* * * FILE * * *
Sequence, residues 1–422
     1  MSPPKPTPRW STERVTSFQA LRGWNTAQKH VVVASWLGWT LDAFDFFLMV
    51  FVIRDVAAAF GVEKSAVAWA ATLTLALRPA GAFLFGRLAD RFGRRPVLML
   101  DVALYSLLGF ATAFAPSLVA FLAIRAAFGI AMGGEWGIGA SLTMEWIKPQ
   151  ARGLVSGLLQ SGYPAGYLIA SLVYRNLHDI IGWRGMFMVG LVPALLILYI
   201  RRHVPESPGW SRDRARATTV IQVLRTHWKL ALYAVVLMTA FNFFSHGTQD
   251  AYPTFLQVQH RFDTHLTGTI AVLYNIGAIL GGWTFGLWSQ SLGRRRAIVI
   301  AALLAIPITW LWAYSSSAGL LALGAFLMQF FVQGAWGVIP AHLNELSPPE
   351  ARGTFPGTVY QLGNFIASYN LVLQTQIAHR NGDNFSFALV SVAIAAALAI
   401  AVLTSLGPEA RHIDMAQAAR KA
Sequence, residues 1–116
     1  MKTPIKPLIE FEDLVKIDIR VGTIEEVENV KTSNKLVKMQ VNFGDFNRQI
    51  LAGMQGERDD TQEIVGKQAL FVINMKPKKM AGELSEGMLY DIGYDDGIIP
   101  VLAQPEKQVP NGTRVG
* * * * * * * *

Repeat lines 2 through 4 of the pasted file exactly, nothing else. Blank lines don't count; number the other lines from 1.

     1  MSPPKPTPRW STERVTSFQA LRGWNTAQKH VVVASWLGWT LDAFDFFLMV
    51  FVIRDVAAAF GVEKSAVAWA ATLTLALRPA GAFLFGRLAD RFGRRPVLML
   101  DVALYSLLGF ATAFAPSLVA FLAIRAAFGI AMGGEWGIGA SLTMEWIKPQ